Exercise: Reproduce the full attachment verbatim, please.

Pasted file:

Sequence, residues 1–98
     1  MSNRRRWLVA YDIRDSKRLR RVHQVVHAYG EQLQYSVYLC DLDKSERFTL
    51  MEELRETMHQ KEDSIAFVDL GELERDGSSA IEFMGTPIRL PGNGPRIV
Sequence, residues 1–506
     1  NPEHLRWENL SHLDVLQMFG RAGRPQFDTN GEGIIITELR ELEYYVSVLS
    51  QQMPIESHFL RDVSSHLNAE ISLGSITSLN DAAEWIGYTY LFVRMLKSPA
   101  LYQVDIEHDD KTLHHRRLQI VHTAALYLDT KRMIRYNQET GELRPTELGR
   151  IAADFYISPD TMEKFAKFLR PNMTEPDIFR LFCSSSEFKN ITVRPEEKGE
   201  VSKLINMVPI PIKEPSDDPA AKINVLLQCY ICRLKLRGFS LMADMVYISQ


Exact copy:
Sequence, residues 1–98
     1  MSNRRRWLVA YDIRDSKRLR RVHQVVHAYG EQLQYSVYLC DLDKSERFTL
    51  MEELRETMHQ KEDSIAFVDL GELERDGSSA IEFMGTPIRL PGNGPRIV
Sequence, residues 1–506
     1  NPEHLRWENL SHLDVLQMFG RAGRPQFDTN GEGIIITELR ELEYYVSVLS
    51  QQMPIESHFL RDVSSHLNAE ISLGSITSLN DAAEWIGYTY LFVRMLKSPA
   101  LYQVDIEHDD KTLHHRRLQI VHTAALYLDT KRMIRYNQET GELRPTELGR
   151  IAADFYISPD TMEKFAKFLR PNMTEPDIFR LFCSSSEFKN ITVRPEEKGE
   201  VSKLINMVPI PIKEPSDDPA AKINVLLQCY ICRLKLRGFS LMADMVYISQ